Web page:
Kindness

Kindness

We are almost a week away from the Newtown tragedy. We are cried out. We sit in disbelief over how something like this could happen. Emotions run through us like a stampede: Anger, sorrow, confusion, disbelief, and still more sorrow. There is an empty feeling inside each of us. We are tired of tragedies such as these, and yet, we feel helpless. How can I do something that will impact this horror? What can I do? I am not a politician. I cannot enact laws to put guns out of existence. We cannot prevent people from being evil. How can we, as a loving people, anticipate insanely, irrational acts of violence?

“The only thing necessary for the triumph of evil is for good men to do nothing.”-1 That one line pretty much dictates what is necessary to be done. That is one side of the coin. On the Christian side are the words, “Be not overcome by evil, but overcome evil by good.”-2 Is this not what Jesus was telling us, when to Thomas’ question of how can we know the way, He responded with “I am the Way, the Truth and the Life”?-3 Live and love as Jesus did. Follow His example. Let Him work through YOUR actions.

Spurring from the talk, by the father of one of the victims, grew the response of #20Acts  #26 Acts of Kindness. He said, “Let it [be] something that inspires us to be better, to be more compassionate and humble people.  Let us please keep the sentiments of love that we feel for our families, and the compassion that we feel for others– even complete strangers– and keep them with us at all times, not just in times of sorrow and tragedy.  And may we do this so that we can better all of our communities, and all of our cities and all our states, so we can make everyone, everywhere in this country feel safe.”-4 He concluded by saying we cannot let tragedies define us.

“God writes straight with crooked lines”-5 loosely translated, God can make good happen, even out of evil. People’s tragedies, like blindness, or leprosy etc., Jesus turned into occasions of joy and conversion. From Jesus’ death on the cross, came our redemption. Each of us, right now, has the ability to turn the tragedy of Newtown into the beginning of an era of goodness and kindness. We CAN affect our little world. We CAN treat all the people with whom we come in contact, with love and concern. Each day we can perform an act of kindness for someone else. Each day we can think of someone else’s need instead of our own. Doing something for someone else, not because it will be noticed, nor because we feel guilty, but because there is a need, a person is suffering. The world is trying to do that right now. People are doing little things, good things, for others.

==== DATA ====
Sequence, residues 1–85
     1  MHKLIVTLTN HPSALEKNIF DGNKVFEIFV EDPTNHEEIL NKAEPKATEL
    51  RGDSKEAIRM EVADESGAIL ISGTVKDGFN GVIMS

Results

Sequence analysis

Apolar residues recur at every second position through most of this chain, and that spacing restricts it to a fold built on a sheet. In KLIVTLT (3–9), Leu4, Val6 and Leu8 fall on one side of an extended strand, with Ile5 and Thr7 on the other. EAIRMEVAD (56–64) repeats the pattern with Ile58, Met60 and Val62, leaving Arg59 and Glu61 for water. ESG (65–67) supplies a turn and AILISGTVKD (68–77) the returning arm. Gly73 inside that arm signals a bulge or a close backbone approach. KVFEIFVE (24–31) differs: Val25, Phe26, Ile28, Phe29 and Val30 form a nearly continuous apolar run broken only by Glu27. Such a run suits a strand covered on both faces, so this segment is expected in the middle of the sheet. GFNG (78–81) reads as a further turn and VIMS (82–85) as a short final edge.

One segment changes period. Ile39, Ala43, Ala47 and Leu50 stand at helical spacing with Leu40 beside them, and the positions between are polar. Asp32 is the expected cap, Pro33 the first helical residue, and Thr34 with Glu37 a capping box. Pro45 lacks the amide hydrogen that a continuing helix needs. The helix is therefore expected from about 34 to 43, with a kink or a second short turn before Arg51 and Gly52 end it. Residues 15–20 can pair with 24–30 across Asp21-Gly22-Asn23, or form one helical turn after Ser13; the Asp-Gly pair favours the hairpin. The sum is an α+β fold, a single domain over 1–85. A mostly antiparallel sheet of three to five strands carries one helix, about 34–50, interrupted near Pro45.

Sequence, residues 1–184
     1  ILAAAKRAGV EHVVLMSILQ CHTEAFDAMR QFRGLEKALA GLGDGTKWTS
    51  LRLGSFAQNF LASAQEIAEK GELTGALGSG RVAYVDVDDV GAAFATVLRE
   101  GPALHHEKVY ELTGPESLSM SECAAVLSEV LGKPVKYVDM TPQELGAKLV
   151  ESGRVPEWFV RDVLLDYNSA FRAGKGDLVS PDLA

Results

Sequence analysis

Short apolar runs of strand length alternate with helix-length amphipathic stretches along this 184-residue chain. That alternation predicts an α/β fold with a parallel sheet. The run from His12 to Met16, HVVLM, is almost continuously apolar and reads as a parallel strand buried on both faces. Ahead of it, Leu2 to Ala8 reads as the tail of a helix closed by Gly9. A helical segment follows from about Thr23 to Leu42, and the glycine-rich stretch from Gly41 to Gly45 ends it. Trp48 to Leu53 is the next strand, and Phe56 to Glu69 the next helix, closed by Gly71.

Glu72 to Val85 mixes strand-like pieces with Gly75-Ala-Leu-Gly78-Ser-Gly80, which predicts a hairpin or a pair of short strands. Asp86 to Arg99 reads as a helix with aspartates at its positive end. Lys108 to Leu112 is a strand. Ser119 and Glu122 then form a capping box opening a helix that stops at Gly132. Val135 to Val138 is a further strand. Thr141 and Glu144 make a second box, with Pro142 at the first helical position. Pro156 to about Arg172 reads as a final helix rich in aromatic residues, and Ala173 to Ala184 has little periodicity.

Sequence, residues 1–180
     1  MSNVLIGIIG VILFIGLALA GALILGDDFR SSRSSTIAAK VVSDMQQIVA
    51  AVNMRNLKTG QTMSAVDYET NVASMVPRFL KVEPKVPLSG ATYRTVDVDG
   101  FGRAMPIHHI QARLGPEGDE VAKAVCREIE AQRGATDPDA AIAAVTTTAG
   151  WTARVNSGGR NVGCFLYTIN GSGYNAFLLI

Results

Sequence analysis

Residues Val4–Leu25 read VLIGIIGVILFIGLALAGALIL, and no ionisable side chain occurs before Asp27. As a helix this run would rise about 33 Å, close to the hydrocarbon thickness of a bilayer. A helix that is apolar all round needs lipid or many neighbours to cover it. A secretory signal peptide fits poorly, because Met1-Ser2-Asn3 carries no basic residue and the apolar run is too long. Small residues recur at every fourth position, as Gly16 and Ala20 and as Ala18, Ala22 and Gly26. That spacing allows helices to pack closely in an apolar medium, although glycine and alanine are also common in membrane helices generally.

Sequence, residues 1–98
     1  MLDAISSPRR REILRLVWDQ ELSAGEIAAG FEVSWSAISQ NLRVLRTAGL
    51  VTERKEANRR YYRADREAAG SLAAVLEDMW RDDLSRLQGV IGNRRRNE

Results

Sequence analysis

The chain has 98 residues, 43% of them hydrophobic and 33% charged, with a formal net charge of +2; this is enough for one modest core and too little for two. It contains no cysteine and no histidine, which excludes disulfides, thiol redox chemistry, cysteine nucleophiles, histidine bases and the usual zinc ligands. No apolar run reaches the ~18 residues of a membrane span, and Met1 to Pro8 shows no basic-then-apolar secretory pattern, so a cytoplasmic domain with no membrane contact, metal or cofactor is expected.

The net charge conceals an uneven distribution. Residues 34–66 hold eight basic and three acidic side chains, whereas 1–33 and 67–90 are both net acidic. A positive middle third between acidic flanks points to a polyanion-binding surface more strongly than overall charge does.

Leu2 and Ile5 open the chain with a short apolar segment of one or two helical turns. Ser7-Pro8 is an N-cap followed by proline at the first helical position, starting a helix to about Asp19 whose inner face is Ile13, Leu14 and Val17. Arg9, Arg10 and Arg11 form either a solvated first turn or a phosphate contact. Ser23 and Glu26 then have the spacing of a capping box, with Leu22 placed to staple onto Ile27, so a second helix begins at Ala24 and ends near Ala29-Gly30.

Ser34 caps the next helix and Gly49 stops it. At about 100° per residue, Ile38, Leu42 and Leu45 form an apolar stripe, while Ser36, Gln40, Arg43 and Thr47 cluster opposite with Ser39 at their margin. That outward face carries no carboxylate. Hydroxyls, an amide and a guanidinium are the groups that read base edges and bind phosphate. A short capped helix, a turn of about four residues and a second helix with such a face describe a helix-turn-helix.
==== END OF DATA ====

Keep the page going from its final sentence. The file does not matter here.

Don’t let the tragedy of Newtown fade from your memory. Let it fire up all the good instincts that are within you. Face your fears, address your weaknesses, go out of your way to be kind to others, even people whom you don’t know or like. Maybe Newtown was humanity’s wake-up call. It could be. It depends on all of us. There are 26 new angels in Heaven.

Let’s honor each one of those angels with an act of kindness …. again and again and again. If you think this blog has any merit, pass it along to your email friends. Don’t be shy, each one of us is called to be courageous for the sake of Jesus. If all my email address friends, and all of yours, and all of theirs do acts of kindness in the coming days… well…. that is how the world is changed, that is how we imitate Jesus.

A Happy and Blessed Christmas

-1 Edmund Burke
-2 St. Paul in his letter to the Romans 12:21
-3 John, 14:5-6
-4 Robert Parker, father of Emilie
-5 St. Augustine, OR Portuguese Proverb (uncertain which)

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